Trump's tax cuts and the ugly truth about the stock market
Is the very success of the market undermining the case for the tax plan?
The stock market is betting big on the Republican tax plan. All three U.S. stock indexes closed at record highs this past Friday — the 24th time they've done that this year — on the news that Republicans in Congress had successfully laid the procedural groundwork for their long-awaited tax reform package. Markets slipped back a hair on Monday, but overall they've been on a relentless climb since President Trump took office.
But there's something bitterly amusing about these ever-rising stocks: The very success of the market undermines the case for the tax plan it's betting on. In fact, you could go so far as to say it undermines the case for the stock market, period.
The core of the GOP tax plan is a cut in the federal tax rate that corporations pay on their profits, from 35 percent to 20 percent. This is why the stock market is so excited. Generally speaking, corporate profits go into dividend payments for stockholders. So the market figures a big corporate tax cut means bigger after-tax profits, which means bigger dividend payouts. That makes owning a stock more valuable and boosts the stock indexes.
For obvious reasons, however, this is not the story Republicans are telling. Instead, they're trying to sell corporate tax cuts as a boon for working Americans. Trump's Council of Economic Advisors (CEA) recently put out a report claiming the tax cut would boost average wages for Americans anywhere from $4,000 to $9,000 per year. It was a grotesque exaggeration, and one that was quickly savaged by former Obama CEA head Jason Furman and by former Clinton Treasury Secretary Larry Summers — neither of whom are exactly Bernie Sanders-style firebrands.
Even some conservatives thought the White House had gone too far. "The Trump administration has undermined its case for a corporate tax cut by exaggerating the benefits of its overall tax package," writes Michael R. Strain, director of economic policy studies at the American Enterprise Institute.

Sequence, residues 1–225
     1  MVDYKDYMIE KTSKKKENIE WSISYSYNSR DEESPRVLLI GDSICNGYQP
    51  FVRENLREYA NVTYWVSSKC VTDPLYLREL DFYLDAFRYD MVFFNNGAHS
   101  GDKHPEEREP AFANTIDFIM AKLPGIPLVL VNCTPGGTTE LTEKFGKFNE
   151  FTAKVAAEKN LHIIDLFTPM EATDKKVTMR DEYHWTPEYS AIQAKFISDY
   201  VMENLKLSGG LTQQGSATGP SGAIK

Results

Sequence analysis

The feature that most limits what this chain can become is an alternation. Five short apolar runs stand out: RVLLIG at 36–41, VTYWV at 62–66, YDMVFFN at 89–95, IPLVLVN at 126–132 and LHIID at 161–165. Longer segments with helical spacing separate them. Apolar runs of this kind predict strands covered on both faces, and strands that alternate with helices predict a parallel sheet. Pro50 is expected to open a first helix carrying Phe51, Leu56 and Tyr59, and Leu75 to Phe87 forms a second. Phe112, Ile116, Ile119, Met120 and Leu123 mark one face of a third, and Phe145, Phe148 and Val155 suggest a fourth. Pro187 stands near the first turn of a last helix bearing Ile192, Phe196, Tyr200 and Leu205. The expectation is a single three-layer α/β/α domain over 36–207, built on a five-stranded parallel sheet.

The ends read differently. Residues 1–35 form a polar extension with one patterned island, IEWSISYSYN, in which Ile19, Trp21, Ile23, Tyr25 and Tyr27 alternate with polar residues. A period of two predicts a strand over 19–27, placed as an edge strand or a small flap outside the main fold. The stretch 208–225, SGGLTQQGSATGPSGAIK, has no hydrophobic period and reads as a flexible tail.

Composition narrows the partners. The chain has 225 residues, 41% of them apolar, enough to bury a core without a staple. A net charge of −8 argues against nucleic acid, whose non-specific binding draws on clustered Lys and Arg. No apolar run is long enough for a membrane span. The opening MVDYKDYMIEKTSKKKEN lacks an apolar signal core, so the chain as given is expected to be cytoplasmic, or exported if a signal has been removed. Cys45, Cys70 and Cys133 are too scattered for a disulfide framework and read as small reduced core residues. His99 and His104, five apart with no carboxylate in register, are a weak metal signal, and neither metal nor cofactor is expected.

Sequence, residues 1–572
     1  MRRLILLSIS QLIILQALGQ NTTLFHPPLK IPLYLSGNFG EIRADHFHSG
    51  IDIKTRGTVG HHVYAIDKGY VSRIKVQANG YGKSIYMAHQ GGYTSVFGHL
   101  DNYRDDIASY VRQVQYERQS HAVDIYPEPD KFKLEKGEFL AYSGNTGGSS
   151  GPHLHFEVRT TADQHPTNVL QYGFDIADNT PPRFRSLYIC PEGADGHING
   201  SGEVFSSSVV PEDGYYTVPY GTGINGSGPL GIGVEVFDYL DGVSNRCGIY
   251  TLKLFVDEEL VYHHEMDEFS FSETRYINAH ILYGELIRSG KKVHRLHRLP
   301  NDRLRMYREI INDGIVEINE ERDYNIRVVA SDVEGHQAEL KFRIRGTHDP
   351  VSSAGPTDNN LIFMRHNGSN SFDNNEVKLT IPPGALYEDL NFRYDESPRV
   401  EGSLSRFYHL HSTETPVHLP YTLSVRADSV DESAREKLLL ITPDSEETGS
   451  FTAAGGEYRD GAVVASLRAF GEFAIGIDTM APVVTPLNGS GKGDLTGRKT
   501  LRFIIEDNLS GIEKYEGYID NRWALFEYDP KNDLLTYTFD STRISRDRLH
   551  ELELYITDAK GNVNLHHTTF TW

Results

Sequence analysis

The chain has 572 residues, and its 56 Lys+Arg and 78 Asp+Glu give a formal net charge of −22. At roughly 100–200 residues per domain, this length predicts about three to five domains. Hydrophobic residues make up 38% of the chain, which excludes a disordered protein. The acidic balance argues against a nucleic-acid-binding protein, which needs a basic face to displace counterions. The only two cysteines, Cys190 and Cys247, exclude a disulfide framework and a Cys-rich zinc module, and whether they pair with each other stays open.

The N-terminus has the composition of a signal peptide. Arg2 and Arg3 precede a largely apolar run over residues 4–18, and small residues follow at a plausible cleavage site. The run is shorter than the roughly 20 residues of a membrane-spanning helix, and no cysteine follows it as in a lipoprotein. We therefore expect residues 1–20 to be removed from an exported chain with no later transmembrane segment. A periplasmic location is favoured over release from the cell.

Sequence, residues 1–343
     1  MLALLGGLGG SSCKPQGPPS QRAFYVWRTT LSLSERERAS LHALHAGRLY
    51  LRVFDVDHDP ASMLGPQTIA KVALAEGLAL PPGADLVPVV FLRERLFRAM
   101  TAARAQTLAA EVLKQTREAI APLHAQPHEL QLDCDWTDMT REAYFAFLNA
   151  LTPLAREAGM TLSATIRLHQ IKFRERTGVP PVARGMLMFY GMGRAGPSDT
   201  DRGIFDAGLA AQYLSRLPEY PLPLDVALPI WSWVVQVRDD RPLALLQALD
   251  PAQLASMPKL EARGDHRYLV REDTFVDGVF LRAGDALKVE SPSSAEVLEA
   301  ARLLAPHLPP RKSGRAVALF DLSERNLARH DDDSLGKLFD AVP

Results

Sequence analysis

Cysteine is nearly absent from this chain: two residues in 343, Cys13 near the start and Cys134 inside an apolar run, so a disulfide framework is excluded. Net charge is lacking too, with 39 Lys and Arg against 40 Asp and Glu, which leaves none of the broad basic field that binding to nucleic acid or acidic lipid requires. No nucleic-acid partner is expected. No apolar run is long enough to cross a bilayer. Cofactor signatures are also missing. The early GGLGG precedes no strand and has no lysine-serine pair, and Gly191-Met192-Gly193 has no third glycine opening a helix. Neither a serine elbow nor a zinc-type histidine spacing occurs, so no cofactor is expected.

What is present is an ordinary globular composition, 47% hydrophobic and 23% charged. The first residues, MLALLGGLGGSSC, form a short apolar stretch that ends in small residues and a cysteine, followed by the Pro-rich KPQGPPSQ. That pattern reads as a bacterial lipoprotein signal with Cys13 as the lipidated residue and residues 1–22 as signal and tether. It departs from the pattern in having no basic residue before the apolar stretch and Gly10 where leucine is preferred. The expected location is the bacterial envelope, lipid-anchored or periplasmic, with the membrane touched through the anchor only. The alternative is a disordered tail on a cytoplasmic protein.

But if wonky conservatives disagree with the White House's outlandish analysis, they still support the cuts on the theory that they're a win-win for workers and shareholders. "[The Trump administration's] rhetorical excess shouldn't obscure the fact that cutting the corporate rate is worth doing," Strain writes. At an intellectual level, Republican support for a corporate tax cut rests on one of the bedrock principles of conservatism: That taxes actually suffocate the profit incentive for companies, thus squashing their investments, reducing job and wage growth, and generally holding the economy back.
These tax assumptions speak to a theoretical ideal of capitalism. The way markets are supposed to work is that companies have to continually invest in new innovations and efficiencies to stay ahead of rivals and keep their profit margins up. If they do it right, they grow richer and thus have even more money to reinvest back into workers, research, and equipment. In this way, the self-interested pursuit of profits creates jobs and raises wages, and taxes only interfere with the overall beneficence of the market.
But if this is really what's going on, there should be clear signs of it in the economy. Instead, while business investment is depressed and jobs and wage growth are unnaturally low, corporate profits are actually higher now than they've been at any time in the last 70 years.
This paints a picture of the economy much different from what the champions of the corporate tax cut theorize: It's one where worker bargaining power and competition have collapsed; where companies keep profits high through underpaid labor, high prices, and bad service.
This obviously blows up the rationale for corporate tax cuts.
If the Republican Congress really wanted to help workers through tax reform, it would limit itself to improving and expanding the investments that corporations can deduct from their tax liability. That would make sure the incentives of tax reform always push job and wage growth. Cutting the corporate tax rate, by comparison, is a horribly unfocused tool. Under these circumstances, it won't do anything for the economy; it will just further increase the money that corporations can bleed from workers and customers.
But the implications don't stop there.
The theory behind the stock market rests on the assumption that high profit margins are a very reliable indicator of the real-world value corporations create. But that assumption is wrong. There are lots of ways corporations can expand their profit margins, many of which have nothing to do with creating real good for human society. In fact, many are poisonous and destructive to most American workers.
And it makes no difference to the stock market whether corporate profits are produced in good ways or bad. All that matters is that the payouts keep coming. In fact, as my colleague Ryan Cooper recently pointed out, Wall Street investors will often punish companies for trying to compete the old-fashioned way, and force them to exploit workers and consumers. And since the upper management of most companies get a lot of their income from the stock markets themselves, they're quick to fall in line.
So yes, the Republican story for why we need a corporate tax cut has a big hole in it. But our society's story about why we need the stock market has a big hole in it, too.